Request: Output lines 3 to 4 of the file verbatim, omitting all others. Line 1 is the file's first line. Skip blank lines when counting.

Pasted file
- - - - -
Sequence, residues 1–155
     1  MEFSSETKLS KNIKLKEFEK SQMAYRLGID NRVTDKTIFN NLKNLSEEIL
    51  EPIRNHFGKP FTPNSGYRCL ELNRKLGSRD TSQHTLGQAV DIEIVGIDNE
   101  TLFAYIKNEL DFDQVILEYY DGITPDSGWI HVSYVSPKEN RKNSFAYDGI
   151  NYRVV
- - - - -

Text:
    51  EPIRNHFGKP FTPNSGYRCL ELNRKLGSRD TSQHTLGQAV DIEIVGIDNE
   101  TLFAYIKNEL DFDQVILEYY DGITPDSGWI HVSYVSPKEN RKNSFAYDGI